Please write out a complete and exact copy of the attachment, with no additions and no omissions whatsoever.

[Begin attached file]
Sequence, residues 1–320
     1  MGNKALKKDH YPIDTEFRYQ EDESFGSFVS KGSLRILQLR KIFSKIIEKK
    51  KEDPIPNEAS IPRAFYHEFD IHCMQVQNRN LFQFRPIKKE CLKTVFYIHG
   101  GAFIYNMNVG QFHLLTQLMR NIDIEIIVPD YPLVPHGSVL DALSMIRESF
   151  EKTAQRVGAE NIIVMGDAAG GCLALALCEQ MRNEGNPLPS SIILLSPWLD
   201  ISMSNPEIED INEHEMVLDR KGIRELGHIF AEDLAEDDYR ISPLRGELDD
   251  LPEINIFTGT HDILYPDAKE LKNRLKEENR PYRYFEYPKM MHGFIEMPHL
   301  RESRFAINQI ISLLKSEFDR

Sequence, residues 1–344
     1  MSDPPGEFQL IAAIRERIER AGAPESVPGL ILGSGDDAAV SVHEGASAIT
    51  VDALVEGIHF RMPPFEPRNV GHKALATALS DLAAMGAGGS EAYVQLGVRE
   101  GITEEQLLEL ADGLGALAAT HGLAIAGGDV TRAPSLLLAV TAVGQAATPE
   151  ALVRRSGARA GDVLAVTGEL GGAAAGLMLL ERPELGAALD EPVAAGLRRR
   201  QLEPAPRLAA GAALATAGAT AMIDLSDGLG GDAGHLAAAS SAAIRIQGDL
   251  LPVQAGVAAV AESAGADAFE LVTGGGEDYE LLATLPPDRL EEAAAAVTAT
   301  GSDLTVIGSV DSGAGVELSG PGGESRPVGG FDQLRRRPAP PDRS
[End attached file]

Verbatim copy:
Sequence, residues 1–320
     1  MGNKALKKDH YPIDTEFRYQ EDESFGSFVS KGSLRILQLR KIFSKIIEKK
    51  KEDPIPNEAS IPRAFYHEFD IHCMQVQNRN LFQFRPIKKE CLKTVFYIHG
   101  GAFIYNMNVG QFHLLTQLMR NIDIEIIVPD YPLVPHGSVL DALSMIRESF
   151  EKTAQRVGAE NIIVMGDAAG GCLALALCEQ MRNEGNPLPS SIILLSPWLD
   201  ISMSNPEIED INEHEMVLDR KGIRELGHIF AEDLAEDDYR ISPLRGELDD
   251  LPEINIFTGT HDILYPDAKE LKNRLKEENR PYRYFEYPKM MHGFIEMPHL
   301  RESRFAINQI ISLLKSEFDR

Sequence, residues 1–344
     1  MSDPPGEFQL IAAIRERIER AGAPESVPGL ILGSGDDAAV SVHEGASAIT
    51  VDALVEGIHF RMPPFEPRNV GHKALATALS DLAAMGAGGS EAYVQLGVRE
   101  GITEEQLLEL ADGLGALAAT HGLAIAGGDV TRAPSLLLAV TAVGQAATPE
   151  ALVRRSGARA GDVLAVTGEL GGAAAGLMLL ERPELGAALD EPVAAGLRRR
   201  QLEPAPRLAA GAALATAGAT AMIDLSDGLG GDAGHLAAAS SAAIRIQGDL
   251  LPVQAGVAAV AESAGADAFE LVTGGGEDYE LLATLPPDRL EEAAAAVTAT
   301  GSDLTVIGSV DSGAGVELSG PGGESRPVGG FDQLRRRPAP PDRS